Jonathan was brought to the U.S. undocumented in 1996 when he was five years old and has not left the country since then. He finished high school and has been working as a server at a restaurant for a number of years. Jonathan got married in 2013, and his spouse is a lawful permanent resident. Is there any way for Jonathan to get legal status?
Yes. Jonathan’s first step is to apply for Deferred Action for Childhood Arrivals (DACA), which provides protection from deportation and a work permit for some of those brought to the US undocumented before age 16. Among other requirements, DACA-eligible young people must be at least age 15 at the time of application; prove continuous presence in the US since June 15, 2007; be under 31 years of age as of June 15, 2012; and be high school graduates, in school, or have a G.E.D.
Once Jonathan has DACA, and if he has a humanitarian, work-related, or educational reason to travel overseas, he may request Advance Parole for permission to leave and re-enter the US. With his lawful entry, and once his spouse is a US citizen, Jonathan may submit his application for permanent residence in the US. Jonathan’s spouse should apply for citizenship as soon as possible; usually, this is five years after gaining permanent residence.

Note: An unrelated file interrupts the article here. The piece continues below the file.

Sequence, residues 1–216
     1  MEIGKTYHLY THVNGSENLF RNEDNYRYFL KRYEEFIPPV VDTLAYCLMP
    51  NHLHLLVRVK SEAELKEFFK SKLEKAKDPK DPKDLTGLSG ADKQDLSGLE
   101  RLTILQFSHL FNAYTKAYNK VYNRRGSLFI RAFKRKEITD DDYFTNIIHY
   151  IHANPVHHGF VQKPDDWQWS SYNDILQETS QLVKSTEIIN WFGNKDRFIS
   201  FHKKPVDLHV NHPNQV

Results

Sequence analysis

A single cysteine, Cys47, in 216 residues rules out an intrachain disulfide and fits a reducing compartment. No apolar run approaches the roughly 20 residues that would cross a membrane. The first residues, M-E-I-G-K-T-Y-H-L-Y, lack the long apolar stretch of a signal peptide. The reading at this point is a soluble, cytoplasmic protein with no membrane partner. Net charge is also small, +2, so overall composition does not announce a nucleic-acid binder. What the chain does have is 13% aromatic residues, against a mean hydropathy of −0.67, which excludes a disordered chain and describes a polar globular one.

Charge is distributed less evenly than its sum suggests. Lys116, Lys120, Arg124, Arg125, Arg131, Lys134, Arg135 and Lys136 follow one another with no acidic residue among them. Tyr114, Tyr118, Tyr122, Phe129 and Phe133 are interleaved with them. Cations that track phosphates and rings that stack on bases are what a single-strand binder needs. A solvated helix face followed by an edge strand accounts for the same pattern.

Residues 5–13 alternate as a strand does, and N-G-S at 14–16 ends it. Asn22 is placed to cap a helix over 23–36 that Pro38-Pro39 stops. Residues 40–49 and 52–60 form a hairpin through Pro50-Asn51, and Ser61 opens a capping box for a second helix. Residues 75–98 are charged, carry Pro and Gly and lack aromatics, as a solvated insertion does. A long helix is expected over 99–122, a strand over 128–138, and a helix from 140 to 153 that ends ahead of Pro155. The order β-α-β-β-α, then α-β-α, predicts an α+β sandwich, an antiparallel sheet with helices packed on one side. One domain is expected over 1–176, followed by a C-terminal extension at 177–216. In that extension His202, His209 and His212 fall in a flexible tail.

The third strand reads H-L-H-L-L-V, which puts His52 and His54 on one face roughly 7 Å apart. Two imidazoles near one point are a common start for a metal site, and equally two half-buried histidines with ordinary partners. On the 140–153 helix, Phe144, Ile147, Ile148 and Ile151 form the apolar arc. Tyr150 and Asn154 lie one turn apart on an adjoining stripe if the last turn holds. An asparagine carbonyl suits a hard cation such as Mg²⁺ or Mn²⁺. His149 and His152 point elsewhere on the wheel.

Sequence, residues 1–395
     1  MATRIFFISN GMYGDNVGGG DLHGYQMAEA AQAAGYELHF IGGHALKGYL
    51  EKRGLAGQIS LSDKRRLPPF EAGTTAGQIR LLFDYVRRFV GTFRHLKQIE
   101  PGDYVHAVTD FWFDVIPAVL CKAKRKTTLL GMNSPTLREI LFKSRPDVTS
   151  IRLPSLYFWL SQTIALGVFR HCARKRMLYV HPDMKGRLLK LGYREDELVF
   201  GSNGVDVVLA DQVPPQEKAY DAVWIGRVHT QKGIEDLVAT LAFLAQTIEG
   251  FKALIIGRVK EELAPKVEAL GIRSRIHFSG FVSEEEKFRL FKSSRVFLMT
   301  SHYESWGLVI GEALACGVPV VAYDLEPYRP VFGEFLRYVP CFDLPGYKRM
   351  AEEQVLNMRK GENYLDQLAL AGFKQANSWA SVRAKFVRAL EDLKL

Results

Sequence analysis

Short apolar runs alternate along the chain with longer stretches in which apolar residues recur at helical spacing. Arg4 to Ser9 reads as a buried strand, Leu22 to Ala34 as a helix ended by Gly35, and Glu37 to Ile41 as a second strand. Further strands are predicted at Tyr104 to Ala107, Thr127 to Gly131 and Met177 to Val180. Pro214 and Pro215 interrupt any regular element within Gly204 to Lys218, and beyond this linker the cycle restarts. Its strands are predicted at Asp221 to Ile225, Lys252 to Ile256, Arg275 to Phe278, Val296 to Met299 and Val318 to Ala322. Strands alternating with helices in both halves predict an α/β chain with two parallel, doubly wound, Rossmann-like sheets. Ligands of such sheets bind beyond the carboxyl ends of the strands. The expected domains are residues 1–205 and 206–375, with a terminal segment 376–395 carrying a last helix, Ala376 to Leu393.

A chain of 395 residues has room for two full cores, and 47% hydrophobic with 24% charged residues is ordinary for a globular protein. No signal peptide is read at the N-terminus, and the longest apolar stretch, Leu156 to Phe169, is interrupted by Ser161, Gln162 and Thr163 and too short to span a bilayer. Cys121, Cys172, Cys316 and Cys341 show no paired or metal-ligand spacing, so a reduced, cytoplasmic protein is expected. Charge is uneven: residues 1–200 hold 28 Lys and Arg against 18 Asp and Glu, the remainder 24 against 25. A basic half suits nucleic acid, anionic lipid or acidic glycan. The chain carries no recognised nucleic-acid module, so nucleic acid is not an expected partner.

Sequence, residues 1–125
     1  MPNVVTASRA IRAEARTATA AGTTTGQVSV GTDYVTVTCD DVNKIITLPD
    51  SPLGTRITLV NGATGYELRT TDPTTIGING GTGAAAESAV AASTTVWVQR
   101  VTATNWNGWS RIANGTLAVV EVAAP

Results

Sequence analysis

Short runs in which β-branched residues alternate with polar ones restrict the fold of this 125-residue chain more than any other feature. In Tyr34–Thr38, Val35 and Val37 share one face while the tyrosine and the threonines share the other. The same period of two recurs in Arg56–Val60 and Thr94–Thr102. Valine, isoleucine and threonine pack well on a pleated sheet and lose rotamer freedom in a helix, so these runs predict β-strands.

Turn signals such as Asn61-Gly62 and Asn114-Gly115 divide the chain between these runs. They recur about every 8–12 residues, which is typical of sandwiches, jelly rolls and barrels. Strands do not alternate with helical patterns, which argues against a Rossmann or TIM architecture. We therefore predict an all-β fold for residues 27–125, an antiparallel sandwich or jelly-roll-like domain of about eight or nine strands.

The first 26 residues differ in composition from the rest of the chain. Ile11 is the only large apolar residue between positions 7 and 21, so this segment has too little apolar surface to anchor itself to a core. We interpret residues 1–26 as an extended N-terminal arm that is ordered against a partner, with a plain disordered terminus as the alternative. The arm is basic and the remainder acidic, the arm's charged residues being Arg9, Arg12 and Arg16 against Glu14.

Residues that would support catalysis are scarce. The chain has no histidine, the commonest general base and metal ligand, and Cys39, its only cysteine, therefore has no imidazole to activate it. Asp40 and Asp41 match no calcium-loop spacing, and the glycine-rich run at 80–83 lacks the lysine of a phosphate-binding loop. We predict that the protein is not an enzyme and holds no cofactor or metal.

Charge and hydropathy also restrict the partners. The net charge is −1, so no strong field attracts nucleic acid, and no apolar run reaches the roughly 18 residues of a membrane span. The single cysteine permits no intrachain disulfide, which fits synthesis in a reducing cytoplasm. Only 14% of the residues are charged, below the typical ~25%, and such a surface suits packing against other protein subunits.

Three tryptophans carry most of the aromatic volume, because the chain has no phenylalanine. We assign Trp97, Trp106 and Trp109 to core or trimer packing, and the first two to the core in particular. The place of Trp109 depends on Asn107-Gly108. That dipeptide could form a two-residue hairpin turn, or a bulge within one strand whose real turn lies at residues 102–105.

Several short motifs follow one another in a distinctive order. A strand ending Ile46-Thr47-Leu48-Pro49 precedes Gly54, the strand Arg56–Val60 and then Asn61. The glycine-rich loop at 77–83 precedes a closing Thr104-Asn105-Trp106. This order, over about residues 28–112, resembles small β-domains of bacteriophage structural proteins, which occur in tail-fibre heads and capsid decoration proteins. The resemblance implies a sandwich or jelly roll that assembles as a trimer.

You should consult with an immigration attorney to see if you are eligible for DACA, or any other immigration benefit. You can schedule a consultation with attorney Margaret O’Donnell by calling (206) 774-8758 or emailing firstname.lastname@example.org.
Article Contributed by:
The Law Offices of Margaret O’Donnell, IMMIGRATION ATTORNEY
655 S. Orcas St. Suite 210
Seattle, WA 98108